These are the two stories that impel us to write, albeit articulated differently according to the writer.
Instead of wondering how the universe began, the poet might wonder why does my heart feel so bad? Or why does the school bus stopping on the corner under the oak tree make me want to cry?
I would argue poetic details are microcosms of the two fundamental stories we seek to understand.
Poets matter, because we seek to know the unknowable, and we will never stop until we find that ineffable elegant equation that says it all.
He did some evil, messed up stuff, and he was incredibly misogynist and racist.
But he also had intense moments of focus, flashes of genius, wherein he was so absorbed into metaphysics that he was able to create his own religion, Thelema, whose concepts remain influential even today in esoteric communities.
His influence is rooted in many traditions of witchcraft, including Gerald Gardener’s version of Wicca.
I put a K at the end of the word magick to distinguish between the practice of magic, that is witchcraft, sorcery, esoteric practice, and magic the way we use the word colloquially.
If I say, My day was magic! –My visit to Mexico City was magic !–
My date night with my wife was magic!– I don’t mean someone cast a spell.
Magic can means many things, but when I use the word magick, it means one thing:
The practice of directing energy from one source or many into manifesting some goal in the material world, the practice of channeling energy, an action is rooted in a basic concept of reality, which has traditionally been articulated As above, so below.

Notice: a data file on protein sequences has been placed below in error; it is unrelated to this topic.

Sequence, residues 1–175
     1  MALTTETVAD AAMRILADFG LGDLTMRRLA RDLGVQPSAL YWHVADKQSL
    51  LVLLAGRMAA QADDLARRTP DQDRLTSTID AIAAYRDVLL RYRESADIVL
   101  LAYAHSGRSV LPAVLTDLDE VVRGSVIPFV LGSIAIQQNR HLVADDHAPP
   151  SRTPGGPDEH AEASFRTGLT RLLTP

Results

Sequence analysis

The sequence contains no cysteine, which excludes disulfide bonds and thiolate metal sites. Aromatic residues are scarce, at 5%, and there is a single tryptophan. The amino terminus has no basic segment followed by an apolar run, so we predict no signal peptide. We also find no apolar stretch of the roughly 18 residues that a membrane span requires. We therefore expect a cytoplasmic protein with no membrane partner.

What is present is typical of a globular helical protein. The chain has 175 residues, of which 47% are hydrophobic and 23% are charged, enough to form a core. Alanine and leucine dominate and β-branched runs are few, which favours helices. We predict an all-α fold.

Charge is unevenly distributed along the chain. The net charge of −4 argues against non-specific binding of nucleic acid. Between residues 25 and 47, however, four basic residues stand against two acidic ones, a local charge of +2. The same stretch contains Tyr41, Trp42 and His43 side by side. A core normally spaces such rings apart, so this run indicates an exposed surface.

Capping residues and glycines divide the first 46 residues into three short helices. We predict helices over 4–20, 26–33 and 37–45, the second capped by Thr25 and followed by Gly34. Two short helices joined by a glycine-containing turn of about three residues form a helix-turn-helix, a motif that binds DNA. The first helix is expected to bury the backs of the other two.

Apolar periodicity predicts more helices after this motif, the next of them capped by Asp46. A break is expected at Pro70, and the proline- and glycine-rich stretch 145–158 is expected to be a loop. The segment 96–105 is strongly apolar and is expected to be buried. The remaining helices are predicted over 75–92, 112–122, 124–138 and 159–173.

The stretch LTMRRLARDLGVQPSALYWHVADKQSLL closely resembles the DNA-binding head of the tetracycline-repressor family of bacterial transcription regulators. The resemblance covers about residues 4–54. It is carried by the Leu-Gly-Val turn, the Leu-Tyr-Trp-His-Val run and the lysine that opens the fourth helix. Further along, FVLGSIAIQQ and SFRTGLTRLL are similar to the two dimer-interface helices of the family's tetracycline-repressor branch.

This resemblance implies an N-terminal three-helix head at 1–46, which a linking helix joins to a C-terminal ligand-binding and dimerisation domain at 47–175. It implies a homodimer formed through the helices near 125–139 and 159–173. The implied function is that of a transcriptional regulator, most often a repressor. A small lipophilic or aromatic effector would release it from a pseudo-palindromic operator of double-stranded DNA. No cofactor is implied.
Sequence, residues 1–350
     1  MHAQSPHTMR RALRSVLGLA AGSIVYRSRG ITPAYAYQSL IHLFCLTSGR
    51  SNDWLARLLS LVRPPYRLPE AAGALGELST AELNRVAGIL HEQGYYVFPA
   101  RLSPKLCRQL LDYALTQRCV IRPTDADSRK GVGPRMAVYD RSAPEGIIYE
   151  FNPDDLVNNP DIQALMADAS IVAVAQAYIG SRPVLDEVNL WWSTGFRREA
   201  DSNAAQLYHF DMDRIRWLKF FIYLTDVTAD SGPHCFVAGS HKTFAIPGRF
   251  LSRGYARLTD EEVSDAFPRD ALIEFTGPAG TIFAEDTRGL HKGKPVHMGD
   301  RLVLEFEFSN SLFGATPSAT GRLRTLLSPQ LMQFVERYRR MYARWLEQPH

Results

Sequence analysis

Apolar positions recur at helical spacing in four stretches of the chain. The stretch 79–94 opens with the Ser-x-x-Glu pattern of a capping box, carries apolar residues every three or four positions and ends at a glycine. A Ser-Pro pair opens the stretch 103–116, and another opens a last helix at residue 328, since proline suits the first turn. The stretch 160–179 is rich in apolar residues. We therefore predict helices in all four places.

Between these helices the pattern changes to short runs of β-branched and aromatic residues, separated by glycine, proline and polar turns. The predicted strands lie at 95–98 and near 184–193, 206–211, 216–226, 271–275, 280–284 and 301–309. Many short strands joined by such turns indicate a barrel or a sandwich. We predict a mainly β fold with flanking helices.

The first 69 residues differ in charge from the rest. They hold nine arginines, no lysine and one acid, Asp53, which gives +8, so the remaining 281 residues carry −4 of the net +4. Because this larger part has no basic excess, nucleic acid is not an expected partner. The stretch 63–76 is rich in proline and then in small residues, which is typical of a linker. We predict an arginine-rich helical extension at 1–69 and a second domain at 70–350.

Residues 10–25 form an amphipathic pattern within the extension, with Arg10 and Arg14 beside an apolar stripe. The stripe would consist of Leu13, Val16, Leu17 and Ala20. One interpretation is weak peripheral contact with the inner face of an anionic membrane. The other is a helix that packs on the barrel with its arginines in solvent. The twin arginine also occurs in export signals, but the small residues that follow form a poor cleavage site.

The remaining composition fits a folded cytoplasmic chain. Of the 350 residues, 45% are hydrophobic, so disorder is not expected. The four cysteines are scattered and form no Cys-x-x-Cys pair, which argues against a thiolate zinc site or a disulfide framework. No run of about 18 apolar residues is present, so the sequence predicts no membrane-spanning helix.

Magick uses and manipulates energies (sprits, quantum fields, faith and prayer) to achieve material goals. Magick is the ability to focus.
That’s what I mean by magick.
It doesn’t necessarily mean witchcraft.
It is the act of manipulating and using energy, often without our conscious awareness that we are doing it.
That’s what writers do.
That’s what mystics do.
When Saint Teresa allowed her body to seep into ecstasy, wherein her flesh trembled and she felt as if she were corporally connected to God, that was channeling energy.
That is what I mean by magick.
Every good work of art starts with Energy, Desire, Will –with unformed energy that does not yet have image or meaning. Pure energy.
The term ambulance chaser culturally indicates a lawyer who is looking for somebody that was injured, so they could file a lawsuit, especially if the victim is someone who falls at a Walmart, or any big company that can be sued.
Poets are ambulance chasers too, but on a metaphorical, abstract and much more positive level.
We chase the possibility of death, we pursue the stories and voices of the dead, because even if we are not consciously aware of it, when the possibility of death is present, there too, like Lorca says, you will find the Duende, the dark spirit of art that gives tension and depth to our stories and poems.
We chase dead, and when there is a possibility of death, we run at it like a lawyer chases an ambulance.
It’s not an accident or random that the deeper you go into a metaphysical question, when you share your insights with others they ask you, What have you been smoking?
Deep thought is somehow connected to getting high. Why do we think this way?
The answer I think can be found in looking at a phenomenon everybody is familiar with: The Runner’s High.